BARNAWARTHA North residents are counting the cost of the damage caused during a frightening five-minute cyclone on Tuesday night.
Roaring wind ripped trees from their roots, knocked down walls and flung parts of a roof metres away from three homes along McLinden Road about 7pm.
Bureau of Meteorology duty forecaster Geoff Feren said warm weather, low-level moisture and high winds created a mesocyclone, a spine of wind that can create tornados.
Mr Feren said there may have been a “very brief” tornado touchdown but the bureau could not confirm it.
“We can’t say it was a tornado. We can say the radar does show a signature that could have spawned a tornado,” he said.
Builder Peter Frawley, 60, was at home with his daughter Melissa Frawley, 33, when the storm hit.
“We thought the whole house was going to go. The wind was absolutely roaring,” he said.
“It’s something we never want to experience again. It was frightening.”
It wasn’t until the wind eased between three and five minutes later did they go outside and discover a large tree had uprooted and fallen onto the back of the house, causing the roof to partly collapse.
Mr Frawley said it was the third time in 20 years a freak storm had caused extensive damage to his property. Ten years ago a similar storm had destroyed his dairy.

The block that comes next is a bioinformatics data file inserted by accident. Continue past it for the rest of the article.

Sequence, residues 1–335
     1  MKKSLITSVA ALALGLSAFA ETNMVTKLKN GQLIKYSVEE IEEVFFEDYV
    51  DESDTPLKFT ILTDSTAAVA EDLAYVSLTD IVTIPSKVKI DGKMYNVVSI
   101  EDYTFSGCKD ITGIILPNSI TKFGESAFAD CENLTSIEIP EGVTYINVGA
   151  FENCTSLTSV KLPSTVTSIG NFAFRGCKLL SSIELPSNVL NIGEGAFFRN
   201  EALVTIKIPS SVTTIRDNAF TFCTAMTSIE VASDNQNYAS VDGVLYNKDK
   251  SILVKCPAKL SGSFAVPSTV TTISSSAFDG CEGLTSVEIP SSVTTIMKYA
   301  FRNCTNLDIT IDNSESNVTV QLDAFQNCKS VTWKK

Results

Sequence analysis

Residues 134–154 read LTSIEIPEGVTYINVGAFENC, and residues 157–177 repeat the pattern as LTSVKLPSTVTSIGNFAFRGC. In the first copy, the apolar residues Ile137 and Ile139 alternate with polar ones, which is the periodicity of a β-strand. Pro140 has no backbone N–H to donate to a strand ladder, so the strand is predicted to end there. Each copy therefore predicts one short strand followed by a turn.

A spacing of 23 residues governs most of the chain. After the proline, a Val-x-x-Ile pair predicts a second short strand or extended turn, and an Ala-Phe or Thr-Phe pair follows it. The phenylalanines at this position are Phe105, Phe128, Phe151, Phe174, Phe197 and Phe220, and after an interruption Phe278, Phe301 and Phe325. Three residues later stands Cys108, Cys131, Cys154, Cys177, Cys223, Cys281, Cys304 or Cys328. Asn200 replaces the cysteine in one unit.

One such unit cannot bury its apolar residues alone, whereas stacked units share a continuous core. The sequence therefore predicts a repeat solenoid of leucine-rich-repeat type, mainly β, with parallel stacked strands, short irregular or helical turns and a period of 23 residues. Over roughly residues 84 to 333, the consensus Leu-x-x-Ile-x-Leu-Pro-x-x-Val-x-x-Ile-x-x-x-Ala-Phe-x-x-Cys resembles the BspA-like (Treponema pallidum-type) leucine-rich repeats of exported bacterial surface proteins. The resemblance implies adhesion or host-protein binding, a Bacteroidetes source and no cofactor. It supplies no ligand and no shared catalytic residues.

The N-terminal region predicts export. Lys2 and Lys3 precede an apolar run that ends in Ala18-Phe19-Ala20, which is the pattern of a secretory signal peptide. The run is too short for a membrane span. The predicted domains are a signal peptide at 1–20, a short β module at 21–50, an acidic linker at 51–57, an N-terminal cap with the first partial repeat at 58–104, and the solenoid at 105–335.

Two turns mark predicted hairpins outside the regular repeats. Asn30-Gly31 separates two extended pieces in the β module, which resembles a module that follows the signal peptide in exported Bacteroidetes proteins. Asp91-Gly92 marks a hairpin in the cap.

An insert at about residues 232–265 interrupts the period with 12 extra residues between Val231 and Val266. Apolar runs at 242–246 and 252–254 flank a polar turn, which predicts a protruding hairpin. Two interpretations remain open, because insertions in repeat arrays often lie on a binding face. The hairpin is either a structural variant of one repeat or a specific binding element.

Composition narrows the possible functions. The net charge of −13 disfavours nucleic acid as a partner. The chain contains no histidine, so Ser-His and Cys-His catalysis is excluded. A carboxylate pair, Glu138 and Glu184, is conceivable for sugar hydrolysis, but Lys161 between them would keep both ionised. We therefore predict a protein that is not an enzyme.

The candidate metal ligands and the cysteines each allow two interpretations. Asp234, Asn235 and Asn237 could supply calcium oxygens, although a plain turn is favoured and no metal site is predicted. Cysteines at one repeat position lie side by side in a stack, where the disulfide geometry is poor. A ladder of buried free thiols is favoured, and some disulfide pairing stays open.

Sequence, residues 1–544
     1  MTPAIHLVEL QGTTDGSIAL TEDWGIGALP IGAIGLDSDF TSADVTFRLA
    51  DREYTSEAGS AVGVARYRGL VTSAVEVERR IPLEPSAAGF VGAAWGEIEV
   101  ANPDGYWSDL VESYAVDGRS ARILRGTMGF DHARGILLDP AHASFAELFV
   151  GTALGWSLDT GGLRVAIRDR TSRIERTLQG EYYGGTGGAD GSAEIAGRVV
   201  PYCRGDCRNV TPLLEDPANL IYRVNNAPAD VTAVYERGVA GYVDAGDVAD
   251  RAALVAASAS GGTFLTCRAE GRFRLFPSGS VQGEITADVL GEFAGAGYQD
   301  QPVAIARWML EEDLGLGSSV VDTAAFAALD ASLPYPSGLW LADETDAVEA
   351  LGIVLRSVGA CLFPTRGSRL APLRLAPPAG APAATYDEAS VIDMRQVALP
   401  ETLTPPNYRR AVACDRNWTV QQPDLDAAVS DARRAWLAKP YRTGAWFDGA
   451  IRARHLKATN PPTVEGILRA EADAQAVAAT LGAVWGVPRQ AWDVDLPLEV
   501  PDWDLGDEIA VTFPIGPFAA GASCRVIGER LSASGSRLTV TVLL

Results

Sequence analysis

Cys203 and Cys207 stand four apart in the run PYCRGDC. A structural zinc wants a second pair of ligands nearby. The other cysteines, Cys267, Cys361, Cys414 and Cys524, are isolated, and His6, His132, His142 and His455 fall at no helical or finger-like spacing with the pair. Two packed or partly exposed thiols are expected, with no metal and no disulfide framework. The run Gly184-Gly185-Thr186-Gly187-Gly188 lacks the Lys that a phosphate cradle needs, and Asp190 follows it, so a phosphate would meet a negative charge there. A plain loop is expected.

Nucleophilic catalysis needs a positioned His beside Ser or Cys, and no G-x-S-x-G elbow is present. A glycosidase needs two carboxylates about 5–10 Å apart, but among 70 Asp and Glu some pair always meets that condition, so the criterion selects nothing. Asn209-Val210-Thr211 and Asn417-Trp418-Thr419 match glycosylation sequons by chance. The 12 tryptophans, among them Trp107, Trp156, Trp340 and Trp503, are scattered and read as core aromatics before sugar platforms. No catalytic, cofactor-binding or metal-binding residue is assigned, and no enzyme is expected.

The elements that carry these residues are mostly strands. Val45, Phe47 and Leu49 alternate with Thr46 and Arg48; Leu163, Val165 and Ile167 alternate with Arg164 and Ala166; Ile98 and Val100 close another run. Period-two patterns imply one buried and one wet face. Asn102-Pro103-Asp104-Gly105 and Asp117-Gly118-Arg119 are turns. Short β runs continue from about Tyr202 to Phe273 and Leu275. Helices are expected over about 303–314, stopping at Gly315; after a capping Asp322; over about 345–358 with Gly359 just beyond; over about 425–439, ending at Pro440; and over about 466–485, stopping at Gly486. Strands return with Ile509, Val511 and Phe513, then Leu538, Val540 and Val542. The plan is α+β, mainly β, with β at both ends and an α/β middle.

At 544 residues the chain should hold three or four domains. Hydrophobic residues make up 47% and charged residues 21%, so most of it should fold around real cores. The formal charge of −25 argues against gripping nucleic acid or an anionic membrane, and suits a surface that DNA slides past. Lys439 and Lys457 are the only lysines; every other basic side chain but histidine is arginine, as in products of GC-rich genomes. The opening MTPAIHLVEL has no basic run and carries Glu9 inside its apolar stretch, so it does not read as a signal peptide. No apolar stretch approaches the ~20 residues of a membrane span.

South of the Frawley home were the markings of a variable trail of destruction.
The property next door was barely touched, but the storm hit the next home and skipped the one after that before touching down again on the next home on the corner of McLinden Road and Kings Road.
Wendy McLinden, the Frawleys’ neighbour, described what she believed was a tornado.
“The rain was swirling in a tornado-type effect,” Ms McLinden said.
Ms McLinden recently left the home she had lived in with husband Anthony for 29 years to build another.
She was cleaning it in preparation for renters to move in on Monday when the storm hit.
The wind ripped off half a pergola roof and flung it over the side of the house, narrowly missing her car.
Richard Gruber, who also lives on the corner of McLinden Road, found the brick wall of his pergola torn down with part of its roof flung into the front yard.
Rob Whyte watched the storm hit from the safety of his property, Gooramadda Olives, on top of a hill 16 kilometres away.
Mr Whyte moved from Sydney four weeks ago and his wife, Melanie Coid, will soon join him from Sydney.
Ms Coid had evacuated her dance studio yesterday in the Blue Mountains because of the bushfires.
“She’s doing battle with fires and I’ve got a tornado,” he said.